Christian Braendle, Ph.D.
Université de Nice Sophia-Antipolis
Born in 1973 in Solothurn, Switzerland
Studied Biology at the University of Basel, at Princeton University, and at the University of Cambridge
Evaluating the Significance of Genetic and Phenotypic Accommodation in the Evolutionary ProcessPhenotypic plasticity describes any form of environmentally induced phenotypic variation and is a common feature of most organismal traits. Central in the nature-nurture debate, phenotypic plasticity reflects the flexibility of a single genome to express a variety of different phenotypes. Phenotypic plasticity is now an intensively studied phenomenon in diverse biological disciplines, but it is evolutionary biologists in particular who have embraced this concept to address a wide range of questions: How does environmental variation shape the evolution of plastic responses? Which aspects of phenotypic plasticity are adaptive? Which mechanisms underlie particular examples of adaptive plasticity? Does plasticity incur costs? What is the impact of phenotypic plasticity in the evolutionary process? Much debate revolves around the latter question, i.e. how phenotypic plasticity influences fundamental evolutionary processes, such as rates of diversification and speciation. During my participation in the focus group on Adaptive Plasticity, I propose to re-examine relevant major concepts (genetic and phenotypic accommodation, genetic assimilation) and clarify their definitions, critically analyze empirical evidence put forward in support of these phenomena, and finally, outline promising experimental approaches to explicitly test whether and how plasticity impacts phenotypic evolution.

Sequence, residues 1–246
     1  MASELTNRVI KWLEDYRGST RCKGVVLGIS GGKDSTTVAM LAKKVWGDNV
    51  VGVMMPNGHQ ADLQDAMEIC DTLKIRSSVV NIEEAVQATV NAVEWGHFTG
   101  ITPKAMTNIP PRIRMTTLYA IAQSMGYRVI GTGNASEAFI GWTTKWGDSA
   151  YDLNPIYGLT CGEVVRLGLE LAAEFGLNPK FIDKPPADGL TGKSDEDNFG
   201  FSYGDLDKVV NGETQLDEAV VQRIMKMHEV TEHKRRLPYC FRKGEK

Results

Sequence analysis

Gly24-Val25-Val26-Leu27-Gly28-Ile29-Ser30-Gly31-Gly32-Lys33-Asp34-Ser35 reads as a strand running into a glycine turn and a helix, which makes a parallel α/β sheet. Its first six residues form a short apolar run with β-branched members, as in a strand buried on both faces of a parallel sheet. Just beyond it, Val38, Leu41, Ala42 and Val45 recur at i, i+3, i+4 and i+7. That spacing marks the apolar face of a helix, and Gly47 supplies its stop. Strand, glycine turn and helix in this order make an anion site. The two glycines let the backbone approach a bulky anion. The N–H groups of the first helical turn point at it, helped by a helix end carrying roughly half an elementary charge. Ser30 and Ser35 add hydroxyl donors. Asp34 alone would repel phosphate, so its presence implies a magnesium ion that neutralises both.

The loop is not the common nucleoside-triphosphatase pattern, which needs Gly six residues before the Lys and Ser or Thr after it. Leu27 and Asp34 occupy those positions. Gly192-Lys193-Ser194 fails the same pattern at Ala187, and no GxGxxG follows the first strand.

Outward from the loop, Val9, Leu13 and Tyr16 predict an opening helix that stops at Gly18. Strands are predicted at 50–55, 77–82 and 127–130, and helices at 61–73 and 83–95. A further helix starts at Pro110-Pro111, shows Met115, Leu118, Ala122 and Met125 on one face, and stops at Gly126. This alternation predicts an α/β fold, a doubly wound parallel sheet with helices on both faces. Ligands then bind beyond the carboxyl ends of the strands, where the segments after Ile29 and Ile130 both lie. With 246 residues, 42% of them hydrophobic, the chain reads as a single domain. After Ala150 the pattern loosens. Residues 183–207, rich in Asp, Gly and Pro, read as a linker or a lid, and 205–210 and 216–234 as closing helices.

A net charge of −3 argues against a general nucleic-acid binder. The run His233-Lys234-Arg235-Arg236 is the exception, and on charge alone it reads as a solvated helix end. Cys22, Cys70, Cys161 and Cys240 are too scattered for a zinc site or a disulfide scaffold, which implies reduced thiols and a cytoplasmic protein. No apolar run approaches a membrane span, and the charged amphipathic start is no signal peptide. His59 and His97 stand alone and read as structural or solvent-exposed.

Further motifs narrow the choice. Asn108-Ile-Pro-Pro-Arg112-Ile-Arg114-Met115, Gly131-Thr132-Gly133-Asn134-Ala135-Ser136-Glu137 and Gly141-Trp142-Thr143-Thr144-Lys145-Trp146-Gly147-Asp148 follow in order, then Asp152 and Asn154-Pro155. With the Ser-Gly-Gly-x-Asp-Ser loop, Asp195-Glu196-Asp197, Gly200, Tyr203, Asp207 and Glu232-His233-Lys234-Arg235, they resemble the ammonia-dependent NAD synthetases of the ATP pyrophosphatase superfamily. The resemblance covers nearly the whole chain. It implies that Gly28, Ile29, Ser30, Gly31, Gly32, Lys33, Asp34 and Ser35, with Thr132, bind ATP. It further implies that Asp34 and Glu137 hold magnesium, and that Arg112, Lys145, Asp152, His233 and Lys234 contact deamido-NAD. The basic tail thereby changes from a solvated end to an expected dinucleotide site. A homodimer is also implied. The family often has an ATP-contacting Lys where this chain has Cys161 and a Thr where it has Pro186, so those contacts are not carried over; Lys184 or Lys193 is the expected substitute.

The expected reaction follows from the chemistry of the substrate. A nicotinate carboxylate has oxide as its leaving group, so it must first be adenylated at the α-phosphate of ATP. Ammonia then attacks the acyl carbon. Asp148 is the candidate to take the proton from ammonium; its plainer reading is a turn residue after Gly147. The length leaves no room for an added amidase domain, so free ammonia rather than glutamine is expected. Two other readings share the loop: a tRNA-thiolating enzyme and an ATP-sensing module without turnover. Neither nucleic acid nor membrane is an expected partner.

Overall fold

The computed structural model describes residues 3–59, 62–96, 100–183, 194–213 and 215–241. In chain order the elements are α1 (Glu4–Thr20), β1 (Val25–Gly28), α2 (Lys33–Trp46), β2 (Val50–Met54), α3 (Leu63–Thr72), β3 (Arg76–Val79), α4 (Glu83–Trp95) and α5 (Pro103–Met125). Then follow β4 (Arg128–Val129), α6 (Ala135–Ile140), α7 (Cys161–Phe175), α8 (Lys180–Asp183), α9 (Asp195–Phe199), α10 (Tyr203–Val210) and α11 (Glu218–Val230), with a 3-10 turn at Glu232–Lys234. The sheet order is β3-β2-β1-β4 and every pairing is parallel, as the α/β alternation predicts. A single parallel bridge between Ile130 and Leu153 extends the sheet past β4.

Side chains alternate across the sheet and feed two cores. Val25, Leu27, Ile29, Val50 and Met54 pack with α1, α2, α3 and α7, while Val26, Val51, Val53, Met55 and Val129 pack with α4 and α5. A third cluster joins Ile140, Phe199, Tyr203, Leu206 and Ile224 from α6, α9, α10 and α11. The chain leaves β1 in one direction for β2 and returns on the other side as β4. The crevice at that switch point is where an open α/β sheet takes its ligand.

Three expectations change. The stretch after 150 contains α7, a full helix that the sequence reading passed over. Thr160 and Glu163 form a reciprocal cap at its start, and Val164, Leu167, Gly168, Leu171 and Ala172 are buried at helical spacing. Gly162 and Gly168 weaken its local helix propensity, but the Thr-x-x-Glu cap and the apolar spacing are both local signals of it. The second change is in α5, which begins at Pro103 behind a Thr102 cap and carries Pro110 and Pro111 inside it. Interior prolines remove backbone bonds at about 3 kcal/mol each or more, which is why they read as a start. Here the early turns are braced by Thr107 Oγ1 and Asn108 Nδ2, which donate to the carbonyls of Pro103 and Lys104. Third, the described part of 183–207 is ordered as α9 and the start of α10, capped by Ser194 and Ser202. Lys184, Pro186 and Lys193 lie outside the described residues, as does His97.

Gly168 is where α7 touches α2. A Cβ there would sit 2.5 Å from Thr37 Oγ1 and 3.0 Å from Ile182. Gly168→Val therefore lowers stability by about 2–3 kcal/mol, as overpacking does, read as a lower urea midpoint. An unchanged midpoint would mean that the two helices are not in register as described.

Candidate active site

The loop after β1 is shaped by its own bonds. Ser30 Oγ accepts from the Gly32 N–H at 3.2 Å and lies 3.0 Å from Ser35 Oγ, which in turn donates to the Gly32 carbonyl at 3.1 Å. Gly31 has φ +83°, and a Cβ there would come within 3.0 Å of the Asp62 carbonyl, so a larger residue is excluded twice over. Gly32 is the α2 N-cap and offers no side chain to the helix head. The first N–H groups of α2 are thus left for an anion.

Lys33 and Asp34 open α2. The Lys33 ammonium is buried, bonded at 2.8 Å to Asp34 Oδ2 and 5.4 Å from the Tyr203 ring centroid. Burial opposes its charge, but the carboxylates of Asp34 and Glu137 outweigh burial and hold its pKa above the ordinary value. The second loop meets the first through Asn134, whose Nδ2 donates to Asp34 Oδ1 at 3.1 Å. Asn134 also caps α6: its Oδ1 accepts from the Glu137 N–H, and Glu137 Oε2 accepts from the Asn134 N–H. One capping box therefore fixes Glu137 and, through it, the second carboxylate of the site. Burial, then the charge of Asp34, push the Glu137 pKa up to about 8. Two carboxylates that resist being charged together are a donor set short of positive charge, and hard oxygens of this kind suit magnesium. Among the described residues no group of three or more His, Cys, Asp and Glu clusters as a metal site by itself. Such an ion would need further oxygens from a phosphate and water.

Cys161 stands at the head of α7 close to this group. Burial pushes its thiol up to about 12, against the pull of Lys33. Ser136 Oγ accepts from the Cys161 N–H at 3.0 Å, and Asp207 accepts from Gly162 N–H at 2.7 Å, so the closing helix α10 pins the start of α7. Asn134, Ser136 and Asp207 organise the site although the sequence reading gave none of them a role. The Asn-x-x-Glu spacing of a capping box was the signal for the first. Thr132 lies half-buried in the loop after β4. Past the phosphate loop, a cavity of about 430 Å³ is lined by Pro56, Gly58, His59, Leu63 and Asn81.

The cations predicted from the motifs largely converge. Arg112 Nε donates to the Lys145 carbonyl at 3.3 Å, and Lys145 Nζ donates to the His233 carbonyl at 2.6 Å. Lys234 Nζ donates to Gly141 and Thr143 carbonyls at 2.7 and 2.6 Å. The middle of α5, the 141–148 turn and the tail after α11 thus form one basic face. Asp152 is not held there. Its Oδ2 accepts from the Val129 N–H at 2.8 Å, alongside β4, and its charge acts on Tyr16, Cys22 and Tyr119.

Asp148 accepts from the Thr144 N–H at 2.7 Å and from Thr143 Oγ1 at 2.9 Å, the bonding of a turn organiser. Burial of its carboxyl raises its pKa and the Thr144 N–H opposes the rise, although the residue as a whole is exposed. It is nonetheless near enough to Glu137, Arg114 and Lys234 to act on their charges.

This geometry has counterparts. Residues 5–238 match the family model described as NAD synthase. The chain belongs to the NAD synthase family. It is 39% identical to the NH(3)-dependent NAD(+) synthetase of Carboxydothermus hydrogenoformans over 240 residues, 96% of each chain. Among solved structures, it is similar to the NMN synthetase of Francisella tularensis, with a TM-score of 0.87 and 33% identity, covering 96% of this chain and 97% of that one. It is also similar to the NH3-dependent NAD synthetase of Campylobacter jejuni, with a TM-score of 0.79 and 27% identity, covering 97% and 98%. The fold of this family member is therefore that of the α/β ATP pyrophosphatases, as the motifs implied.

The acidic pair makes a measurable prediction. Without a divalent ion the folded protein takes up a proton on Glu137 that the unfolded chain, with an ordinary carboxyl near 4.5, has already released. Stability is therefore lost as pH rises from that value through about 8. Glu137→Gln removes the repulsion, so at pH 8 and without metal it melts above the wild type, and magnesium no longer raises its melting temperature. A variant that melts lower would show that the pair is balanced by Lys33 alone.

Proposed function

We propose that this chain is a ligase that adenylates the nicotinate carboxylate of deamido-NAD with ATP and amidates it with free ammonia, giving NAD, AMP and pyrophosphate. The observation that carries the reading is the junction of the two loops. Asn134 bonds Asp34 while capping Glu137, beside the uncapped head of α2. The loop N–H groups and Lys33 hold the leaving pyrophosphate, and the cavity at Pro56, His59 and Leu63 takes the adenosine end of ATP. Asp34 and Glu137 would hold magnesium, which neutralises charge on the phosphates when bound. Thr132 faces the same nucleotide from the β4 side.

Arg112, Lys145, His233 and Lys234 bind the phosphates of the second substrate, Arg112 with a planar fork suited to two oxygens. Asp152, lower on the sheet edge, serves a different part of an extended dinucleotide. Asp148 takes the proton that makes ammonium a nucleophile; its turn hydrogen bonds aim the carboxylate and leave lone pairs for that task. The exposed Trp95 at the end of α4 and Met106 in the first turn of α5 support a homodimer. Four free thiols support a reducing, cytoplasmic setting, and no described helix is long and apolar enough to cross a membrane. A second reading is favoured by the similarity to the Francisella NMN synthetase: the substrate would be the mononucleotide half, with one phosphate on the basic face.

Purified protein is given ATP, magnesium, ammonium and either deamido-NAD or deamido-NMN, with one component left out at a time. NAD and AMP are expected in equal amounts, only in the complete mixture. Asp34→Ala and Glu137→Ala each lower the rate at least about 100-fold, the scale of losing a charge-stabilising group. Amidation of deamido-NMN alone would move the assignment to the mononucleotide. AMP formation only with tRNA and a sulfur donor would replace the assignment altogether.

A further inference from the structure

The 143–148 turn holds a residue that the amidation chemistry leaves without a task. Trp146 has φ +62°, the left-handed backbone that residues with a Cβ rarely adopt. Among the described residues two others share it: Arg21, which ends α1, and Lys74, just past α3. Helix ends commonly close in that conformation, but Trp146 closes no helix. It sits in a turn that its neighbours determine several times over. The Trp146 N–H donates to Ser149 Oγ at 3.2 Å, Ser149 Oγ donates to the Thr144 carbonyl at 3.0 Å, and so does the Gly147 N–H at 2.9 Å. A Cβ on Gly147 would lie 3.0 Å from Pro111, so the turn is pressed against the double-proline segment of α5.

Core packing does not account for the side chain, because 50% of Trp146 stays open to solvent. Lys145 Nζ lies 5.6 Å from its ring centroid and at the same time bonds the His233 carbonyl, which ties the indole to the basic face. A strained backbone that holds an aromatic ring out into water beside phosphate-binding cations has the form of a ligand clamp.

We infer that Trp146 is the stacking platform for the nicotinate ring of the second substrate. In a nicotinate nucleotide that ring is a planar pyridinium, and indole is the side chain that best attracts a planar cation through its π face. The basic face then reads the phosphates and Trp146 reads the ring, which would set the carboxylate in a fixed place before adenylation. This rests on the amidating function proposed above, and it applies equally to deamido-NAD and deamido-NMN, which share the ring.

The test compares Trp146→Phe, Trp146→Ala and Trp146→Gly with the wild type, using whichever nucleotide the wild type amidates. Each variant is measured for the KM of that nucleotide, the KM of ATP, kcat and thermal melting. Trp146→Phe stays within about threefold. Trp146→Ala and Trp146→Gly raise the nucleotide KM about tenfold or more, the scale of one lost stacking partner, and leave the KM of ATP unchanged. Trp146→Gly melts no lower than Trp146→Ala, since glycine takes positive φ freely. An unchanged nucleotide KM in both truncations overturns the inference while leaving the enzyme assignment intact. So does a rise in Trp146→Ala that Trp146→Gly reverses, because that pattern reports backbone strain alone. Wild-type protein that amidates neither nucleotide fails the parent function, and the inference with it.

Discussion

Braendle, C., C. Baer und M. A. Félix (2010). "Bias and evolution of the mutationally accessible phenotypic space in a developmental system." PLoS Genetics, e1000877.
Braendle, C. and M. A. Félix (2008). "Plasticity and errors of a robust developmental system in different environments." Developmental Cell 15: 714-724.
Braendle, C. and T. Flatt (2006). "A role for genetic accommodation in evolution?" BioEssays 28: 868-873.